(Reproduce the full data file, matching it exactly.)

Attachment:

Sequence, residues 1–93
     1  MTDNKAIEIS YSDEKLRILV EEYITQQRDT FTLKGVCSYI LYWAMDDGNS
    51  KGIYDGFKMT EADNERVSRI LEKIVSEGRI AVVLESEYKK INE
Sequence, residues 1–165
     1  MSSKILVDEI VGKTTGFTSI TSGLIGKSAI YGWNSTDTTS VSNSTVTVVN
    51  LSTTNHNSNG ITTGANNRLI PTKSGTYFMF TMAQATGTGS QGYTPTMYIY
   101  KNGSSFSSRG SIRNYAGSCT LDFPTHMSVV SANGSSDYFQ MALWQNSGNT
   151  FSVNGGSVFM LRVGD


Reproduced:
Sequence, residues 1–93
     1  MTDNKAIEIS YSDEKLRILV EEYITQQRDT FTLKGVCSYI LYWAMDDGNS
    51  KGIYDGFKMT EADNERVSRI LEKIVSEGRI AVVLESEYKK INE
Sequence, residues 1–165
     1  MSSKILVDEI VGKTTGFTSI TSGLIGKSAI YGWNSTDTTS VSNSTVTVVN
    51  LSTTNHNSNG ITTGANNRLI PTKSGTYFMF TMAQATGTGS QGYTPTMYIY
   101  KNGSSFSSRG SIRNYAGSCT LDFPTHMSVV SANGSSDYFQ MALWQNSGNT
   151  FSVNGGSVFM LRVGD